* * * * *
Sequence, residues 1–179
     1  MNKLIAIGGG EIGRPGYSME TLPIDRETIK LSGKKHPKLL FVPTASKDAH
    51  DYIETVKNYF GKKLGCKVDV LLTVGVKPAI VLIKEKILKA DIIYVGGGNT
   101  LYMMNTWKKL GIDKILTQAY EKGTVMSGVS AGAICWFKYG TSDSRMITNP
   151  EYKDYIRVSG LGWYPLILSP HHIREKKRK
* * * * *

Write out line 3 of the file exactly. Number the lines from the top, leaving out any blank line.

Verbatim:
    51  DYIETVKNYF GKKLGCKVDV LLTVGVKPAI VLIKEKILKA DIIYVGGGNT